The email will show you a very official-looking billing statement and will encourage you to click a link that says, "Cancel andx Manage Subscriptions." But, because you're a Komando.com reader, you'll notice the typo in the link and know that's red flag number one.
Whatever you do, don't click that link. It could take you to a malicious site that can steal all of your valuable information, then it's game over.
If you think you really might have been overcharged, check your bank statements first before clicking any links.
Just being in the know about these emails is step one. There are other steps you can take to keep yourself safe from these phishing attempts. If you see an email like this in your inbox:
- Be sure to exercise caution before you click on anything. Hover over any links and see where they direct before you click. If the links provided go to a website, don't click it. Navigate to the company's site yourself without the link.
- Take some time and try to spot the typos.
- If you're not sure that you can spot the signs, click here to take our phishing IQ test to see how many stand out to you.
- Practice multi-level authentication, which means you have at least two forms of verification, such as a password and a security question before you log into any sensitive accounts.
- Protect yourself with strong anti-virus software, such as Total Security from our sponsor, Kaspserky Lab.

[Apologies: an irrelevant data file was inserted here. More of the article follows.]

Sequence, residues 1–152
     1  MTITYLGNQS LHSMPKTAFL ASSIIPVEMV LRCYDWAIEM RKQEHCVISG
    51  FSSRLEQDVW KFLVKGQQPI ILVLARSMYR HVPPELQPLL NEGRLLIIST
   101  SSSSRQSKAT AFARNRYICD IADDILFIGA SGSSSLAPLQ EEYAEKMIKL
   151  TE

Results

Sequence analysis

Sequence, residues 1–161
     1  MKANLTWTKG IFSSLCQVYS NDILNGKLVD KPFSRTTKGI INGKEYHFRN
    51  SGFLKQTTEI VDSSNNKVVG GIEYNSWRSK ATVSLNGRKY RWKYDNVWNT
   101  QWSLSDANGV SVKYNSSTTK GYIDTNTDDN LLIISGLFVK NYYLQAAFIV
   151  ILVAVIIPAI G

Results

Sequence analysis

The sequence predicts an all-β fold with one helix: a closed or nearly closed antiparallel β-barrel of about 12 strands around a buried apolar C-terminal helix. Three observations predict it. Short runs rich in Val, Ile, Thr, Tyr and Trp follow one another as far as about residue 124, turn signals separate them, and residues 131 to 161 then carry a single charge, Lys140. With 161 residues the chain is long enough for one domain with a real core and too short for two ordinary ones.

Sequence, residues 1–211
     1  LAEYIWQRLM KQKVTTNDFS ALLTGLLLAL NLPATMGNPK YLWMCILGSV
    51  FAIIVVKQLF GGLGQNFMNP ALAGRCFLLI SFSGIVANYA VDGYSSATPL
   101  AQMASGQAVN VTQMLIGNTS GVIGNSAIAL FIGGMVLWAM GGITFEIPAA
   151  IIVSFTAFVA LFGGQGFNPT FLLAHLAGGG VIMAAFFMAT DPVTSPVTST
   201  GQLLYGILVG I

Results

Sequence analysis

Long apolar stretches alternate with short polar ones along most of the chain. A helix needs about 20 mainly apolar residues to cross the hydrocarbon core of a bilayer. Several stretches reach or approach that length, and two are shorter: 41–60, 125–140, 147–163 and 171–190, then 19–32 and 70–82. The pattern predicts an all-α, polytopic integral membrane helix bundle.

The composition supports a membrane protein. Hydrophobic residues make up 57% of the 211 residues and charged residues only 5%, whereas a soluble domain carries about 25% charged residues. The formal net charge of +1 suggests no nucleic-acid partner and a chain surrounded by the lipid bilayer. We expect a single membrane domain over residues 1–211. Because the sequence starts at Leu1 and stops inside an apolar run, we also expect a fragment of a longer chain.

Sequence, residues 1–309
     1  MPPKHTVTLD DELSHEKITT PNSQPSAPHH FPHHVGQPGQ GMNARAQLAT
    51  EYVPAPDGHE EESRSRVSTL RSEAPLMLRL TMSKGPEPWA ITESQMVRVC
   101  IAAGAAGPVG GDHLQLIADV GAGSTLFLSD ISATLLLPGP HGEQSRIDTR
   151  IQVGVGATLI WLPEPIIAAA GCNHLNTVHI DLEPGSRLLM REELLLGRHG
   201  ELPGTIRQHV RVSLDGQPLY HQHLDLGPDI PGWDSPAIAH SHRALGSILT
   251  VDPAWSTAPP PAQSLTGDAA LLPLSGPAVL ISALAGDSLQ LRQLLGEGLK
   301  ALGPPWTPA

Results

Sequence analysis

5. Instagram's Ugly list
A scam known as the "Ugly List" is making its rounds on Instagram. Users are being tricked into thinking one of their friends has tagged them in a mean-spirited post. Anyone can fall for this cruel clickbait, but teens could be particularly vulnerable to this phishing attack.
It works like this. The victims get a notification from Instagram saying they've been tagged by a friend in a post called "Ugly List 2016." How rude! Inside the notification is a link, which supposedly takes you to the Ugly List post. The link is actually a phishing scam.
If you click on the malicious link, it takes you to a page that looks like the Instagram login. You have to enter your username and password before you are able to see the Ugly List.
Warning! Do not click on the link in the notification, the login page is a fake.
Once the scammers have your Instagram credentials, they could get into your account and tag your followers in the Ugly List posts. The scam would keep spreading and the attackers could steal more information.
Here are some things you can do to avoid being a victim of a scam like this:
- Be cautious with links. If you get an email or notification from a site that you find suspicious, don't click on its links. It's better to type the website's address directly into a browser than clicking on a link. Before you ever click on a link, hover over it with your mouse to see where it is going to take you. If the destination isn't what the link claims, do not click on it.
- Do an online search. If you get a notification about something like the "Ugly List," you should do an online search on the topic. If it's a scam, there are probably people online complaining about it and you can find more information.
- Watch for typos. Phishing scams are infamous for having typos. If you receive an email or notification from a reputable company, it should not contain typos.
- Use multi-level authentication. When available, you should be using multi-level authentication. This is when you have at least two forms of verification, such as a password and a security question before you log into any sensitive accounts.
- Have strong security software. Having strong protection on your family's gadgets is very important. The best defense against digital threats is strong security software.